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Member since: 2001
Number of posts: 18,889

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Why She Likes Trump

One of my flaws is the subconscious assumption that other people see things the way I see them. Believing (I hope correctly!) myself to be a reasonable, compassionate, intelligent person, it's too easy for me to associate the opinions I hold, the experiences I've had and the conclusions I've drawn from them, the responses I have to people, with those qualities.

But people who have different opinions than I do, who've had other experiences and drawn other conclusions from them, are also reasonable, compassionate, intelligent people. If I don't understand those differences, it's harder for me to connect, harder for me to find common ground. We get locked in our separate compounds of otherness and fear, that way.

Which works out all too serendipitously for Our Beloved Oligarchs.

I found myself having a conversation with a woman a bit older than my daughter-- probably in her late forties. Struggling financially, just getting by. She's bitter about being "forced" to pay for health insurance, which "doesn't do her any good because she can't afford to use it anyway." She liked Obama when he was elected but has been disappointed in him since, mostly because the economy has been so punitive on her family, especially her son, who came back from a tour in the Middle East with a lot of health issues, about which "the damn VA are doing nothing." She volunteers at the local animal shelter, and she helps other veterans' families with transportation, home care, figuring out paperwork, and getting to/from support group meetings.

She has a college education, and had good jobs in management up until 2009, when the collapsing economy caught up with her employers. Now she's shift manager at a franchise restaurant and going to community college classes (on student loans) to get a real estate license. She considers herself "entrepreneurial," having done some multi-level marketing in the past. She's pro-choice and considers herself a 'non-strident feminist' (her term, I have no idea what it means.)

She should be a Hillary supporter, by the demographics, but she "doesn't like Hillary."

"So who are you supporting?" I asked her, curious.

"I like Donald Trump."

My jaw must have dropped, because she got defensive. "I do! I know he's kind of a sexist, but I don't think he really means a lot of the campaign-trail bullshit. He's just saying what will get media attention, mostly."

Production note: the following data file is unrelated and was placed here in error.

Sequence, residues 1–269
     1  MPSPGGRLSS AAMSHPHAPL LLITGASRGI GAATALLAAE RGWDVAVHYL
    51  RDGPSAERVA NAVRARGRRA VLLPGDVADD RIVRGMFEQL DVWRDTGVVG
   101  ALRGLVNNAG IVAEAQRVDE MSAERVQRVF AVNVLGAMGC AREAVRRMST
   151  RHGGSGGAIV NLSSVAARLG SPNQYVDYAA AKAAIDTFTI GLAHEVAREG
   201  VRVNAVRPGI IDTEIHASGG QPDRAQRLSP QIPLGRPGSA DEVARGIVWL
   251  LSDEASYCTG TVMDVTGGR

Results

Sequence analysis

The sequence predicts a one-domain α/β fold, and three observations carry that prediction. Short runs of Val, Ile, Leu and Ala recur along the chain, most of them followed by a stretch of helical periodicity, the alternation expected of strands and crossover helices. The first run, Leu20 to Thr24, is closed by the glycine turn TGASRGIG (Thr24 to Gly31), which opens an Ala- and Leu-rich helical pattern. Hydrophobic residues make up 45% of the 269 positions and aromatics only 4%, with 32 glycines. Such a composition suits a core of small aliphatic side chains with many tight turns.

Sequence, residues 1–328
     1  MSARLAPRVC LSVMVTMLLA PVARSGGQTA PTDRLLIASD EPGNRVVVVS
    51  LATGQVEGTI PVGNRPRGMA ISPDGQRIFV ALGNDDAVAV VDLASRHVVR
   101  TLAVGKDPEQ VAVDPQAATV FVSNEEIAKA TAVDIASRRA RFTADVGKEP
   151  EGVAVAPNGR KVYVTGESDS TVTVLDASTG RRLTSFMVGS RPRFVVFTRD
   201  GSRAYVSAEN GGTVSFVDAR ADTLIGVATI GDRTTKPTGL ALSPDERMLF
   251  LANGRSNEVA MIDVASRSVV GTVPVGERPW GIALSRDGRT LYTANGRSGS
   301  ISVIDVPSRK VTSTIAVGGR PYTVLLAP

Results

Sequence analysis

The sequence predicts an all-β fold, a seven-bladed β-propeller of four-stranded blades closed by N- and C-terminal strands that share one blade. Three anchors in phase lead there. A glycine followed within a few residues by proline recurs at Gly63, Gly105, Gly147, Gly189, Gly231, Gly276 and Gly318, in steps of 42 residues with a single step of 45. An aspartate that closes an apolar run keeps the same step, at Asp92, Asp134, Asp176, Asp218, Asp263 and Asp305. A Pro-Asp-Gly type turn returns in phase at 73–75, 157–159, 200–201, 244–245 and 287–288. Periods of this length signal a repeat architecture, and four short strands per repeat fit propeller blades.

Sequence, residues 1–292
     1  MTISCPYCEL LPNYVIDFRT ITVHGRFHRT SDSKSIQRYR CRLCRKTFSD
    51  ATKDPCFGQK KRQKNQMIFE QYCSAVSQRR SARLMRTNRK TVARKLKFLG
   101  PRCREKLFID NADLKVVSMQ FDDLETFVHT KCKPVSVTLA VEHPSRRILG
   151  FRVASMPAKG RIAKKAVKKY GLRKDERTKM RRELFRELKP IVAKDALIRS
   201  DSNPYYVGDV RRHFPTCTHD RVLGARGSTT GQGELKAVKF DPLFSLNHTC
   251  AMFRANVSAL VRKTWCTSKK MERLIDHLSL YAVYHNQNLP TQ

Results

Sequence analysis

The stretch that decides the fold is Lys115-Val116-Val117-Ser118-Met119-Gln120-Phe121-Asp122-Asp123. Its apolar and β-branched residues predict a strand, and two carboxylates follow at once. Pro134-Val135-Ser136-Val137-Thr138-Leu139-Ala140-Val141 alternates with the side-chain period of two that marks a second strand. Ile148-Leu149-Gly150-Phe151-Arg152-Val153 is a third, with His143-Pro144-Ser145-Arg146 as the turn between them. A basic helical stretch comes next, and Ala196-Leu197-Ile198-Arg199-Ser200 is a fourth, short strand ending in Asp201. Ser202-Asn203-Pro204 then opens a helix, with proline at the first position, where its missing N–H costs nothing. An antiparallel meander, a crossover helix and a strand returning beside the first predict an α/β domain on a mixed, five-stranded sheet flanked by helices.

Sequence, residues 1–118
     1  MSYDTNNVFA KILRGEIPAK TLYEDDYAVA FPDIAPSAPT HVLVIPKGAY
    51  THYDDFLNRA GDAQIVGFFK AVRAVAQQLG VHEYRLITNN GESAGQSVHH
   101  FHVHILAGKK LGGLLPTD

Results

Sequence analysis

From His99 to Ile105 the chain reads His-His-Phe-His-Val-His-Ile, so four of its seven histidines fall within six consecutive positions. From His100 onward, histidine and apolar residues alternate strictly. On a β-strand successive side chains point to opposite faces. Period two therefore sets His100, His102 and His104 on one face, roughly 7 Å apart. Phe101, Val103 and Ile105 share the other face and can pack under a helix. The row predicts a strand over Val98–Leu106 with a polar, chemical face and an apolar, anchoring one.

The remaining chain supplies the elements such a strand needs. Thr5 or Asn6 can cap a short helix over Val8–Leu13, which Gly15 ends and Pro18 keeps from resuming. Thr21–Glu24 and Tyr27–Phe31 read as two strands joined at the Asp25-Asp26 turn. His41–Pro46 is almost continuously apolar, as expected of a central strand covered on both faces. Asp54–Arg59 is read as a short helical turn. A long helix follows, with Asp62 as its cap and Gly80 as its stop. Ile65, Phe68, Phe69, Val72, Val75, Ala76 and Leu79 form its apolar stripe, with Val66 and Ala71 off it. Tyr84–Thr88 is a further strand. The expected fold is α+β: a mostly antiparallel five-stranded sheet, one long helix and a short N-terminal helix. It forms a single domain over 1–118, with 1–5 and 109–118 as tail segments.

I really wanted to understand why she likes Donald Trump. It's completely impossible for me to imagine anyone but knuckle-dragging morons 'liking' him, but obviously a lot of people do.


It was a long conversation, but here's what I took away.

Sure, Donald Trump is a rich guy.

But "he's not like other rich people."

As far as I could make out, "other rich people" are snobs and selfish and don't want to let anyone else into their exclusive clubs or allow anyone else to enjoy the kinds of things they enjoy. Even if an ordinary person like her was to get rich, or win the lottery or something, they'd never 'let her into their places.'

Trump, apparently, is perfectly willing to 'share the good stuff' with anyone who can pay for it. If she won the lottery he'd welcome her to his fancy private jet and let her use the gold-plated plumbing fixtures without making her feel like she didn't belong.

Or something like that.

Pointing out that her chances of winning the lottery are effectively the same as my chance of sprouting functional wings would not have been helpful, so I didn't.

I did ask whether she thought he'd do much for people who aren't going to win the lottery, etcetera, and she said he was more likely to pay attention to 'ordinary people who support him' than to the Establishment political string-pullers.

As far as I can tell, the things that creep me out about Trump- the crassness, the ignorance, the qualities I read as bullying and egotistical bombast- she sees as a weird kind of not-caring-what-snobs-think integrity, and she likes that.

She likes him.

I can't like him, he gives me the willies.

But I like her. Even knowing that she thinks this way, I can still recognize that she's a good person, compassionate, intelligent, and with her own reasons and experiences behind her opinions.

Here's what I didn't do: I didn't insult her, I didn't laugh at her, I didn't tell her she's delusional.

I did tell her I couldn't agree with her about Trump, but at least I had a better understanding of why she likes him. And I told her a little bit about why I like Bernie Sanders, trying to emphasize some of the same things about him that she says she likes about Trump- particularly the bit about him being more influenced by what ordinary people need and want, than by the string-pullers in the political establishments.

It wasn't exactly the time or the setting for a discussion about the complexity of the political environment, the many powerful factors and forces that influence how effective an elected Chief Executive can be, etcetera. I don't believe I "made her think," although she for sure made ME think.

But I didn't turn her off. I didn't build a wall of otherness between us.

Maybe it was the best I could manage.


Does this count as "vote suppression"?

"Hey, folks: Don't be alarmed if you've gone to the polls at the Community Center to vote and you see a bunch of cops next door outside McBrien School with guns drawn and storming the building. It is only a training exercise!"

You can't make this shit up, can you?

Someone thought that on election day, next to a polling place, was a GREAT time/place to schedule this!

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